Open Collections

UBC Theses and Dissertations

UBC Theses Logo

UBC Theses and Dissertations

The emergence of class concept formation in preschool children Fryer, Margo 1974

Your browser doesn't seem to have a PDF viewer, please download the PDF to view this item.

Item Metadata

Download

Media
831-UBC_1974_A8 F79.pdf [ 2.27MB ]
Metadata
JSON: 831-1.0076802.json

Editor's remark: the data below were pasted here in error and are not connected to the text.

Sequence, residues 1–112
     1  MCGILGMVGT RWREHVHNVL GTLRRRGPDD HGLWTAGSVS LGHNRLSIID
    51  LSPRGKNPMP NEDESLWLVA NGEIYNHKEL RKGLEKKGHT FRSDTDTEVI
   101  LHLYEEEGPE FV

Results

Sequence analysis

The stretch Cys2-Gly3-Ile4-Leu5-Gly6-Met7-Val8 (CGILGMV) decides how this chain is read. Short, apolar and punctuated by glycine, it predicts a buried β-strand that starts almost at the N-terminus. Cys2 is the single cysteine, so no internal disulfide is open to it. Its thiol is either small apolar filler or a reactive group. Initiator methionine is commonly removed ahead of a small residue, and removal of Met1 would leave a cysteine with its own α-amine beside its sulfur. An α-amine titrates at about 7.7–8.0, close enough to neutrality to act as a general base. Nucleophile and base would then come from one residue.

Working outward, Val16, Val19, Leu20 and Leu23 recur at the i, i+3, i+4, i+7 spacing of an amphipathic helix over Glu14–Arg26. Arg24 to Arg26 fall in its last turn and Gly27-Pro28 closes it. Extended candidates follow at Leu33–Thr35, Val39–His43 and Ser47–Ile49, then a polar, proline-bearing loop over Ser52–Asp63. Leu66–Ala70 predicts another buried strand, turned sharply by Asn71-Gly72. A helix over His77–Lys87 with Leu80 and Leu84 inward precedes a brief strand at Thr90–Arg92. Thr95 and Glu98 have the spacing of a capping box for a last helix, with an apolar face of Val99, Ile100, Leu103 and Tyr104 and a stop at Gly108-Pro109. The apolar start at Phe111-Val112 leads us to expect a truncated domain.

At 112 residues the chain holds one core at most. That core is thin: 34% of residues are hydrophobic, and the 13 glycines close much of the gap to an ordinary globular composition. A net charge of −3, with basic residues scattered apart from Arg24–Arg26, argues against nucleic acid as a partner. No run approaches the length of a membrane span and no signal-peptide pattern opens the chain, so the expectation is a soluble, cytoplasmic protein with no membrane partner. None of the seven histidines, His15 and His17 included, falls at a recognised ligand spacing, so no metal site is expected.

JSON-LD: 831-1.0076802-ld.json
RDF/XML (Pretty): 831-1.0076802-rdf.xml
RDF/JSON: 831-1.0076802-rdf.json
Turtle: 831-1.0076802-turtle.txt
N-Triples: 831-1.0076802-rdf-ntriples.txt
Original Record: 831-1.0076802-source.json
Full Text
831-1.0076802-fulltext.txt
Citation
831-1.0076802.ris

Full Text